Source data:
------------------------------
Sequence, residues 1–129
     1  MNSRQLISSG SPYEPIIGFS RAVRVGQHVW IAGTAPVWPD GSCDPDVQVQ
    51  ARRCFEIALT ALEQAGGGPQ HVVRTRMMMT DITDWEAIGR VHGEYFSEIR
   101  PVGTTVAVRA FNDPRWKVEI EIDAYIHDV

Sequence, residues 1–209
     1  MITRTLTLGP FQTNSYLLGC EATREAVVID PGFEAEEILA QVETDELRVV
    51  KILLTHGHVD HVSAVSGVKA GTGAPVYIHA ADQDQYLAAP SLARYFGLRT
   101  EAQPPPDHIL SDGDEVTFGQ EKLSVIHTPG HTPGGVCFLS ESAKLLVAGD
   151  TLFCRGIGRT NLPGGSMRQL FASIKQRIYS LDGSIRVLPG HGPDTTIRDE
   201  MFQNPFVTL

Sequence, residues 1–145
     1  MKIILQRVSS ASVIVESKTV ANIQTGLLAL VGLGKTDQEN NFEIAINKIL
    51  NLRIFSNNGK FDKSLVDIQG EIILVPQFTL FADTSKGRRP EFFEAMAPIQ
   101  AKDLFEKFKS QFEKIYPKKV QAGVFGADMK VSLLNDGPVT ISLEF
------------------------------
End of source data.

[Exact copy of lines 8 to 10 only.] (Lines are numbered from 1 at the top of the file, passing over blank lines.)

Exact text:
   101  EAQPPPDHIL SDGDEVTFGQ EKLSVIHTPG HTPGGVCFLS ESAKLLVAGD
   151  TLFCRGIGRT NLPGGSMRQL FASIKQRIYS LDGSIRVLPG HGPDTTIRDE
   201  MFQNPFVTL